The Great West Way is a touring route that connects London with Bristol, following one of the first historic Great Roads built in the 17th century. The official way stretches a mere 125 miles, but those 125 miles are surrounded by some of England’s loveliest countryside, plus historic villages, Neolithic sites, castles, great houses, and so many worthwhile side trips, that the short distance could easily take you a few weeks to explore.
Depending on the amount of time you have and your preferences, the Great West Way can be followed by car, train, bike, on foot, or even by boat since the lovely Kennet & Avon Canal runs along the way for 87 miles, bringing with it some of the most scenic walks along towpaths in England.
Considering all the wonderful sights to see slightly off the official path, here, I suggest a road trip. But this is no two-hour drive. Instead, it’s a roughly one-week itinerary that includes suggestions for some of the best sites along the way.
As the drive includes a lot of stops, walks in the countryside, and general puttering around, probably the best time to go is in spring or late summer, when you’ll have your shot at enjoying the best of the weather and fewer crowds. But this being England, the rain can catch you at any time in the year, as can the sunshine. Just bring a rain jacket, and you’ll be fine.
I have drafted a rough itinerary, suggesting overnight stops in places where there is lots to see and do, but you may well decide to either stay longer or head on. This is just a selection of places that I love along the route crisscrossing the original Great West Way, but remember, distances on this drive really are not the problem. Just take it slow and stop off as many times as you wish. You wouldn’t want to miss a lovely pub along the way, would you?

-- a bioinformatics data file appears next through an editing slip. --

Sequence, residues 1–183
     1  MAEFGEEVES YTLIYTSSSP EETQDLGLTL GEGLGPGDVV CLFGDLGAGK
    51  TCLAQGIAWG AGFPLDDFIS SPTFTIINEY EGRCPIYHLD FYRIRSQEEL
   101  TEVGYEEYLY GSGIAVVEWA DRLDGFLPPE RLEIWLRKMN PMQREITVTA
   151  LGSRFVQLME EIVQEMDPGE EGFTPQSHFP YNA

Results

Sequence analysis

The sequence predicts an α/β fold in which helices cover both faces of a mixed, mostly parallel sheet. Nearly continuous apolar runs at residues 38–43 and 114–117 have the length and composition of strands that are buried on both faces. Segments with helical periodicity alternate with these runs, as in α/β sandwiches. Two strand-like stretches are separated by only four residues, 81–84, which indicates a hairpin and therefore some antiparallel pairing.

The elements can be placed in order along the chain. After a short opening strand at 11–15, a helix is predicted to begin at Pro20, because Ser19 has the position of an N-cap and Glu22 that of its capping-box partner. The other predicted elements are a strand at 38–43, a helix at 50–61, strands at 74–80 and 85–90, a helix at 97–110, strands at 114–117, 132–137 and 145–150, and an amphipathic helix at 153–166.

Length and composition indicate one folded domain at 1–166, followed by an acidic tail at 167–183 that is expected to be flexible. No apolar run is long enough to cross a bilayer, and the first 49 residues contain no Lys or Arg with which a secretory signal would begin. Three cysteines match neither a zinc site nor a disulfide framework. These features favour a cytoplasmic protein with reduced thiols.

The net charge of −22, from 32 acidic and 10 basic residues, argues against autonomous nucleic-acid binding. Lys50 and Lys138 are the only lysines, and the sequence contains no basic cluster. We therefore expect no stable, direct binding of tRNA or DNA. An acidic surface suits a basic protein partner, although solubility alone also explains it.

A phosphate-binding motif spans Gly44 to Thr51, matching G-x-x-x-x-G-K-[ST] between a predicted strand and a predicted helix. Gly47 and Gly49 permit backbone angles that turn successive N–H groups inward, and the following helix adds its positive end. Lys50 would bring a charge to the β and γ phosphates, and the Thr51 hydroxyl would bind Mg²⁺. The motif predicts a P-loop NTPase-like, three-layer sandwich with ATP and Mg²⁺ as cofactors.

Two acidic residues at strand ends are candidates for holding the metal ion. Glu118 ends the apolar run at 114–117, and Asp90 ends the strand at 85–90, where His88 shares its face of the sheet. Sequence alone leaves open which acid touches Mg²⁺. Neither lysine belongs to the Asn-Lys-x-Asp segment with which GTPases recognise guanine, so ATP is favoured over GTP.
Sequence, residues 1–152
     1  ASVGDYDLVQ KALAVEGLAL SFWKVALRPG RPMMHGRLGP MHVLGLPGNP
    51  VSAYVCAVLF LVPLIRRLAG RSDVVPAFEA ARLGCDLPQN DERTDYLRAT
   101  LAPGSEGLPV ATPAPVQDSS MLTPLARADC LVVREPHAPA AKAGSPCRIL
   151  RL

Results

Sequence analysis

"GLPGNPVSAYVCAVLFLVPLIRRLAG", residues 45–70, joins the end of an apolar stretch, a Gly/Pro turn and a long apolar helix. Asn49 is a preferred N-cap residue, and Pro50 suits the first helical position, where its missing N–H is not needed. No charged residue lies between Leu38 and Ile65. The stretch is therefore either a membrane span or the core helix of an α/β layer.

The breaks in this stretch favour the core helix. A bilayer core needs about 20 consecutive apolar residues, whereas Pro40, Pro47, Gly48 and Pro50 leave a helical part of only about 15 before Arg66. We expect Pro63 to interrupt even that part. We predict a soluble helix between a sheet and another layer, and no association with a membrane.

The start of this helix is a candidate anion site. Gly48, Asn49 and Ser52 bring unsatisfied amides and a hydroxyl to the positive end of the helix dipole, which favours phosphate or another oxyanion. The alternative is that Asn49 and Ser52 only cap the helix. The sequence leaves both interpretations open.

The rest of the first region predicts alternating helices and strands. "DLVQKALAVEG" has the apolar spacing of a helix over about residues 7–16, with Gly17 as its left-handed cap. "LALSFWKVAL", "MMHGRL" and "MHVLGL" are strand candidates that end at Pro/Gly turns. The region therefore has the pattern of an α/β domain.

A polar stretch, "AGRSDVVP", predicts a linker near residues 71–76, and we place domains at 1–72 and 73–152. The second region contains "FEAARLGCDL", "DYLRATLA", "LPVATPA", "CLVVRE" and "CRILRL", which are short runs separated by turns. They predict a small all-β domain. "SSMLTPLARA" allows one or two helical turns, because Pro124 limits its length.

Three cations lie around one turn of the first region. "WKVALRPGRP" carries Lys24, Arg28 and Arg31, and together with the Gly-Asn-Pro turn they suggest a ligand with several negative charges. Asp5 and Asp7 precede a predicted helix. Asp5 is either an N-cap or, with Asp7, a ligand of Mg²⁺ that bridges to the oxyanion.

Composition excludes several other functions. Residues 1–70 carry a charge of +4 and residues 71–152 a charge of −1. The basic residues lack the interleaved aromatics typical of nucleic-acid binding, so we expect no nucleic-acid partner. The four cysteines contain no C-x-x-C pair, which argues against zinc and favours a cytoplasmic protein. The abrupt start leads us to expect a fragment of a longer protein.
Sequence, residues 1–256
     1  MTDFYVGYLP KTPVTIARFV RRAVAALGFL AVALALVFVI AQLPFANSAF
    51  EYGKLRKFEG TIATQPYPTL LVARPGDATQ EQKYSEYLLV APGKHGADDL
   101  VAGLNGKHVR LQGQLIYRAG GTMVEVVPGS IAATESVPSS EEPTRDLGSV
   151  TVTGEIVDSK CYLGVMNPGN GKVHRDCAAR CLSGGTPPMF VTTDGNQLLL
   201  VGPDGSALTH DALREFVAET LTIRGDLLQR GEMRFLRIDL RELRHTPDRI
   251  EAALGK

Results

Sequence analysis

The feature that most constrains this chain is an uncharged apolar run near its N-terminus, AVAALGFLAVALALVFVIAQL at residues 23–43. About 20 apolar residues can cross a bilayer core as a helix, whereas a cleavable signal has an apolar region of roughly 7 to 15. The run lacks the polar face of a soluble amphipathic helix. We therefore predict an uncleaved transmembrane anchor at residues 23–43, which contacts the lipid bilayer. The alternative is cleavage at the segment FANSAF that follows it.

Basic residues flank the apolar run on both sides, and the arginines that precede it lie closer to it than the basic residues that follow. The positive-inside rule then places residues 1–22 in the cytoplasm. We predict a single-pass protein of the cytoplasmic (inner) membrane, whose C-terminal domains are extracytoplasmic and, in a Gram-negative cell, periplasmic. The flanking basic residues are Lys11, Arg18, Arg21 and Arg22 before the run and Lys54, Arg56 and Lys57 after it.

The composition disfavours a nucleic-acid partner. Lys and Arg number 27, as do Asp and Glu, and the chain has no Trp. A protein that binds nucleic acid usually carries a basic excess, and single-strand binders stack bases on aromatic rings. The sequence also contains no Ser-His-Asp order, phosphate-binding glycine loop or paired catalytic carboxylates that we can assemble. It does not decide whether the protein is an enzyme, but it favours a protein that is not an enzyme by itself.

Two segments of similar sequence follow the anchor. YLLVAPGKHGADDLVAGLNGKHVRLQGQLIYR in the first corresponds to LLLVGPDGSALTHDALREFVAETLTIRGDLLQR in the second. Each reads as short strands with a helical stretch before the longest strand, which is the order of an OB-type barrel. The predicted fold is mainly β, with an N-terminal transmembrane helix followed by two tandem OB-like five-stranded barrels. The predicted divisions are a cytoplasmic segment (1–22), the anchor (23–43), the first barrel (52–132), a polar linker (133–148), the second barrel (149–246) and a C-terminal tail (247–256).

We’re starting off in London, as this was obviously the main residence of the kings, and today it is not only the location of the biggest international airports but also the most visited city in England. I am not suggesting how many days to stay and look around in London before you set off, but it should be long enough to get over the worst of the jet lag, and, if it is your first time there, see the most important sites.
Pro Tip: As you will be following an ancient road built by and for kings, why not adopt a royal theme for your stay in London and visit old and newer royal residences such as The Tower, Westminster Palace, Greenwich, Hampton Court Palace, and Buckingham Palace before heading to Windsor?
Your first morning stop is Windsor, home of the most impressive castle anywhere. Home of the Queen, site of many a royal wedding and, recently, funeral, it is an awe-inspiring place to visit. Then there is the oldest tearoom in England, located in the quaint Crooked House of Windsor, dating from 1687 and by now a little askew. The town itself is lovely with its large park, and, across the river, Eton College, one of the world’s most famous schools.
Pro Tip: Should you be traveling with grandchildren, Windsor is home to Legoland, a must-do if you have somebody young in tow. At least stop off to buy a souvenir.
Less than 40 miles down the road from Windsor is Newbury. I am suggesting at least one overnight stay here, as there is a lot to see. The old market town of Newbury is in itself a worthy stop, but it also sits within some of the most beautiful countryside in England. For hikers, or even strollers, there are superb sights to aim for on foot, such as the ruins of the 14th-century Donnington Castle, some 1.5 miles away from the center; the Beacon Hill iron age hillfort, 6.5 miles away; or Highclere Castle, the setting for the popular series Downton Abbey some 6 miles away.
Pro Tip: Newbury sits right at the border of the North Wessex Downs, a stunning part of the already glorious countryside. Make the Chequers Hotel your base and spend a day simply walking the countryside, along with one or a few of these scenic walks.
Head down to Salisbury and make straight for the superb Salisbury Cathedral, which dates to 1258. It boasts the tallest spire in Britain and has the best-preserved example of the Magna Carta on display. The city itself is such a pretty, medieval spot. It gives you a feeling that time travel is actually possible.